The evidence for this reading of Supercalifragilisticexpialidocious seems like a stretch to me, and to the Percolator author, who singled out a particular part of the journal article that suggests Mary Poppins may be a reaction to our overly consumer oriented culture.
But just as I was prepared to dismiss the entire thesis, I got to the part about the Bird Woman. Remember her? If not, watch the clip above. The Bird Woman plays a small but pivotal role in the film, feeding birds on the steps of St. Paul's Cathedral. Here are some lyrics from the song "Feed the Birds" that are highlighted in the paper:
All around the cathedral, the saints and apostles
Look down as she sells her wares.
Although, you can’t see it,
You know they are smiling,
Each time someone shows that he cares.
And here's what the author has to say about that:
The actions that the lyrics authorise—that the saints smile upon—are more than just kindness and simple generosity: they are an alternative social action. And while ‘feeding the birds’ specifically seems fairly insignificant, it nonetheless operates within a specific social vision—the Biblical mandate of ‘stewardship’. As opposed to capitalism, which sees nature as a commodity —as something endlessly subject to commodification and the human demands for profit— stewardship imposes a responsibility on humanity to care for nature. The Bird Woman carves out a space for stewardship even within a modern urban setting, and the lyrics of the song strongly endorse it.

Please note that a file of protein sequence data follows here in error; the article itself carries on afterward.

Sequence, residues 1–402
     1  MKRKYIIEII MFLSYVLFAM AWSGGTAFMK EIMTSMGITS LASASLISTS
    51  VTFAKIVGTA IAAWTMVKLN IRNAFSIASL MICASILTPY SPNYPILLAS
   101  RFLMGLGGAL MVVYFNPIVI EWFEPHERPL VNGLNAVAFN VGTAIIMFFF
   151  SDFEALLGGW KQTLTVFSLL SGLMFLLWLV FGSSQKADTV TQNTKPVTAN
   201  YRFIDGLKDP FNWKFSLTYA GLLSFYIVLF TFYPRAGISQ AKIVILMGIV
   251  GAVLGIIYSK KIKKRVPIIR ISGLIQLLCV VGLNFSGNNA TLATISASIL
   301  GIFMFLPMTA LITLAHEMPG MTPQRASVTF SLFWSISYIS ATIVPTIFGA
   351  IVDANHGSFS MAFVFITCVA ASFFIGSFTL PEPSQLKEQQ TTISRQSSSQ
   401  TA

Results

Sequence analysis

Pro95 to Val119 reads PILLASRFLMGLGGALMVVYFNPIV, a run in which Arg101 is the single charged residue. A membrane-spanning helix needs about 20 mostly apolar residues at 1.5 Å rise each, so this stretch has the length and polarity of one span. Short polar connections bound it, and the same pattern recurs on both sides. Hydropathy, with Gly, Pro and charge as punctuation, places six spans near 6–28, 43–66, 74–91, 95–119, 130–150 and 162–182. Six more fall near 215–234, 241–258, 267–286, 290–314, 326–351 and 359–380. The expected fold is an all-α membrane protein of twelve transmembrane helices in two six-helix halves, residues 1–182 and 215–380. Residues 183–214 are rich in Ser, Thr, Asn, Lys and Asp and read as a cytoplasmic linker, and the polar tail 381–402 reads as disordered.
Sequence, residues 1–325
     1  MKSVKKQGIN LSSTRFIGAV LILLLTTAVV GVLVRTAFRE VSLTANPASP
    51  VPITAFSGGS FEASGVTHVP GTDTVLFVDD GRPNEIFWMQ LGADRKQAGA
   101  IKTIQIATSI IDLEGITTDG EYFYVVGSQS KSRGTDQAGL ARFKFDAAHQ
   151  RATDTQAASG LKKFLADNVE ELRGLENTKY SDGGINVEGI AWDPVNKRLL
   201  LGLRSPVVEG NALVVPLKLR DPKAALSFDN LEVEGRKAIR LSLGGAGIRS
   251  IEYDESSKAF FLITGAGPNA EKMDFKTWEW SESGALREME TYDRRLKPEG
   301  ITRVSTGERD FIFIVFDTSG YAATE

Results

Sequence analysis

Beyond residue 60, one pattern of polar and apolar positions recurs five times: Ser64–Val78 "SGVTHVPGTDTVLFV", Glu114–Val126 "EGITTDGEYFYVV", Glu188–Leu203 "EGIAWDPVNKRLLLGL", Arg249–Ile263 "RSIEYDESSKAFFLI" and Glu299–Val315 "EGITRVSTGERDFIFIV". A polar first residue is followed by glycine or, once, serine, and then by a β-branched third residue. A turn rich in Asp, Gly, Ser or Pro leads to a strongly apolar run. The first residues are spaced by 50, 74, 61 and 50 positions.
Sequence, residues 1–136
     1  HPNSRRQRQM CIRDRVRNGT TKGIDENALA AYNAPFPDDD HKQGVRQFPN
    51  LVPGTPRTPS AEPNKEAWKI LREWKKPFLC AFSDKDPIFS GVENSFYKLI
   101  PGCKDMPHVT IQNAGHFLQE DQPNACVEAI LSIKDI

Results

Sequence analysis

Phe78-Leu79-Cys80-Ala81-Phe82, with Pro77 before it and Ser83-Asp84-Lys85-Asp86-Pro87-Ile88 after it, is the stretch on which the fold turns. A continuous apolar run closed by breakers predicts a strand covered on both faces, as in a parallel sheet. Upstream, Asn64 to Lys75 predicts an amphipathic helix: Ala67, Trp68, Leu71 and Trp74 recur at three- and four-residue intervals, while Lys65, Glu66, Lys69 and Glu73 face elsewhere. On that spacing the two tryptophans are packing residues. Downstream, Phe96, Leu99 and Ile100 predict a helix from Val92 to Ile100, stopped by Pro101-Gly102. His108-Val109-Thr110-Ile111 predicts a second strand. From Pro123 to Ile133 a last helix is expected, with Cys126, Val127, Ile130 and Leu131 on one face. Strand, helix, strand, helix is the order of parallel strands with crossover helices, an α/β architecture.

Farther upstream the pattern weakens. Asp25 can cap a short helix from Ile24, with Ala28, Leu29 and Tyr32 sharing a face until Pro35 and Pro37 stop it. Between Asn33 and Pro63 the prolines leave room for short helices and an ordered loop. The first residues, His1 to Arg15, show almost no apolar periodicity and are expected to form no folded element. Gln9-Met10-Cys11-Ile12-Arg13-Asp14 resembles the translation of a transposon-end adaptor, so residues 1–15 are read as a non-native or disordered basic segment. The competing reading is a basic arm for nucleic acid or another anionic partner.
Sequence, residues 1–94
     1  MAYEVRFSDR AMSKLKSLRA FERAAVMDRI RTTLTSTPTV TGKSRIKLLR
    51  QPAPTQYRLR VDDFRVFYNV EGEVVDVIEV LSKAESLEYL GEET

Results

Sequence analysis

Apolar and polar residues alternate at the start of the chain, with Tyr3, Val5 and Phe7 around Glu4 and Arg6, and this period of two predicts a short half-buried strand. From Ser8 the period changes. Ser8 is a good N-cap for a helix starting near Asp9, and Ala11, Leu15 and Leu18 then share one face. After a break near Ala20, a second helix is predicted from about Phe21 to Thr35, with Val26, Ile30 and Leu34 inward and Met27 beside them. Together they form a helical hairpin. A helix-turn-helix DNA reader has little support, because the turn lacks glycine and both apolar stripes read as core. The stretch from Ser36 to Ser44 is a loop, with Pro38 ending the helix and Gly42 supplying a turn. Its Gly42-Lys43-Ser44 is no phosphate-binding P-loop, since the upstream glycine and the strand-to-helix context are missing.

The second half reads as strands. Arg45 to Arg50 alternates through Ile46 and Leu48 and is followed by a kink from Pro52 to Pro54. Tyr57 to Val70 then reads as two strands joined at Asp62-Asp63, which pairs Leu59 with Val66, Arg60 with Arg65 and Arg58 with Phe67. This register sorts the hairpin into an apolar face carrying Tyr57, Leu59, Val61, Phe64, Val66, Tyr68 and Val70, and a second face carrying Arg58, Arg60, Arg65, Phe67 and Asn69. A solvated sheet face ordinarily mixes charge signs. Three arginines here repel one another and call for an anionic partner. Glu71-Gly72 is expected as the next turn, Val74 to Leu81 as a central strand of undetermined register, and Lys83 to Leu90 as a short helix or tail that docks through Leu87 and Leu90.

So I leave it to you, dear readers. Did the Walt Disney Corporation bankroll a film designed to teach children to stand up in the face of rampant capitalism and embrace the Biblical mandate of stewardship? Or did they just think kids would think dancing penguins, magic umbrellas and cheery chimney sweeps were cool?
Incidentally, Mary Poppins was the #1 moneymaker of 1965, earning a net profit of $28,500,000. (It was a good year for Julie Andrews. The Sound of Music was #2 with $20,000,000, and My Fair Lady was #4 with $19,000,000.)